You may not be the type to wear your cancer on your sleeve, but you have to let people know your changing limits. Otherwise, you're selling the people in your life short – and potentially setting them up for disappointment – by acting like it's all business as usual around here.

Especially around the holidays, it's tempting to go all people-pleasing superhero. Yet as a friend sagely observed recently, Wonder Woman didn't have cancer. I know it is heartbreaking to realize you can't do all the things you used to do. But be honest with your boss if your new vomiting routine is getting in the way of paperwork. Tell the PTA to get another cupcake baker this year. Admit to your girlfriend you're too wiped out for sex. You are not doing anybody any favors by letting the people who count on you expect more than you can give.

Rule 5: But remember the cancer card is not a hall pass.

You may not be as emotionally or physically available these days, but you have not been entirely relieved of your duties as a friend, lover or family member. The people in your life are still losing jobs and going through heartaches and having their parents die. Be sensitive to that. You are not allowed to get through an entire conversation with someone who cares enough about you to be dealing with your crap without asking, "And how are you?" And then really listening to the answer.

Rule 6: Let the people who can help you, help you.

I know it's bad for you, but I really cannot begin to tell you how awful your cancer is to the people who love you. It is making them very angry and scared. They are losing sleep over this. And frankly, unless they're oncologists, there's not a whole lot they can do about it. That's why it is not selfish to let them bake you cookies and take your kids to the park. It is some seriously life-affirming magic, is what that is.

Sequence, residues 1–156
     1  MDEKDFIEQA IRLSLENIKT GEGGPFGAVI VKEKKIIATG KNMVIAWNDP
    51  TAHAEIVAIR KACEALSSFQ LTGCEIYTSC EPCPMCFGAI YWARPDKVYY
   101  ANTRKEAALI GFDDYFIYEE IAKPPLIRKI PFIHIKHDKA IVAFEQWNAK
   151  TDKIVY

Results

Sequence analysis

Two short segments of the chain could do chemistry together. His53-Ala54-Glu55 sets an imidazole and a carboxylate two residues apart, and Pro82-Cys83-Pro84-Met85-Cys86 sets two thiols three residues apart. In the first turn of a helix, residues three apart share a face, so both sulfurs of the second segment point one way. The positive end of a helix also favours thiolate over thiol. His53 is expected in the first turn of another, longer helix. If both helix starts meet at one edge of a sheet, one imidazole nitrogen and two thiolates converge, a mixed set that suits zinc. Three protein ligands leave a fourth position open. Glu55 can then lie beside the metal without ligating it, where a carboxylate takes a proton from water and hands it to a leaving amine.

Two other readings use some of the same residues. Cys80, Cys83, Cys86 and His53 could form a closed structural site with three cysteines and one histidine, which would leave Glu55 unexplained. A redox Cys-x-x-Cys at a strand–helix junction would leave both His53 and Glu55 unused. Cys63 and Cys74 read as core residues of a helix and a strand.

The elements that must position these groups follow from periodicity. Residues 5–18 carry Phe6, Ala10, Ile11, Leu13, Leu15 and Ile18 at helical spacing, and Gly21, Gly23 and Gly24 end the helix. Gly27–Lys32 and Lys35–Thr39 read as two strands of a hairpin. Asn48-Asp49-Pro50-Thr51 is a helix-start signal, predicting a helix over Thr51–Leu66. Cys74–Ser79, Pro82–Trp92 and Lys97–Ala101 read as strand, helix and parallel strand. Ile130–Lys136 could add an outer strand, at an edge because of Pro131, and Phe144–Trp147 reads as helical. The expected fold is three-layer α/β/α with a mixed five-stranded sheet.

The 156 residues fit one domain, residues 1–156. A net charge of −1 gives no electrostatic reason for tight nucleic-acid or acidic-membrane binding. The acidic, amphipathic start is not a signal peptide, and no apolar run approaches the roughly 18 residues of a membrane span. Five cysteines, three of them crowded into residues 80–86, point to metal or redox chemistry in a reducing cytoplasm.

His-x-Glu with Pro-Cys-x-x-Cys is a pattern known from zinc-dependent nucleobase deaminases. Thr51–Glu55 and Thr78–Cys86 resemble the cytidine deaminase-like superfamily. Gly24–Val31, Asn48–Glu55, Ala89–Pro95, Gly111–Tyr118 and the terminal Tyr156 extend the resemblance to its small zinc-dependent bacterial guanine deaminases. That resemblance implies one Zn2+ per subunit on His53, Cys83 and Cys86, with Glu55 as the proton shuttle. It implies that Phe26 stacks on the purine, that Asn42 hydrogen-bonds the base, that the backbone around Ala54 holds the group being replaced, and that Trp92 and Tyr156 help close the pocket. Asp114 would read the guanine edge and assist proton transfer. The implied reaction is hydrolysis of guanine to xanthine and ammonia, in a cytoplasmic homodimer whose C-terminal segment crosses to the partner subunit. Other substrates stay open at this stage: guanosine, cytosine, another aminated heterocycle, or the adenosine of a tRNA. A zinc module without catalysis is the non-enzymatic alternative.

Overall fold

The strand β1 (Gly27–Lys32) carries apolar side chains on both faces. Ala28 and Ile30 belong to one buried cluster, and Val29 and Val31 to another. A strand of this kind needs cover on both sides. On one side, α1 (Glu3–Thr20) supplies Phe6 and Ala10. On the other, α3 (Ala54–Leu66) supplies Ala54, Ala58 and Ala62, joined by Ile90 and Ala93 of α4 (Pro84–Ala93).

A lot of people you thought you could count on have been dropping the ball all over the place these days anyway, haven't they? So don't be stoic. Let other people be generous. Let them feel a measure of control in a terribly out-of-control situation. Grant them a little flipping of the bird at death itself – they deserve that pleasure.

Rule 7: Be kind.

People can say some really stupid stuff. They will charge at you with their irrational fears and their tactless advice. Some of them may, in fact, behave in ways that make you realize you need to cut them off. That's OK – it's imperative to have boundaries, and toxic people need to be on the other side of them. You're likely pretty cranky lately anyway.

But a lot of other people in your life are trying. They're worried about you. They want to help, but they don't know what to say. They don't know what to do. So they goof up sometimes, say the wrong things and behave in imperfect, human ways. Be gentle with them. Explain that you'd rather not talk about horrible side effects right now, thanks, or admit that you need to go home and take a nap. And go right on loving them. This is new and difficult territory for them, too. But you can show them how to get through this. You need to. Because someday they may be right where you are now. And when that day comes, they're going to need help. They're going to need it from someone wise and giving and, unfortunately, experienced. Someone just like you.

Mary Elizabeth Williams

Mary Elizabeth Williams is a senior writer for Salon and author of "A Series of Catastrophes & Miracles."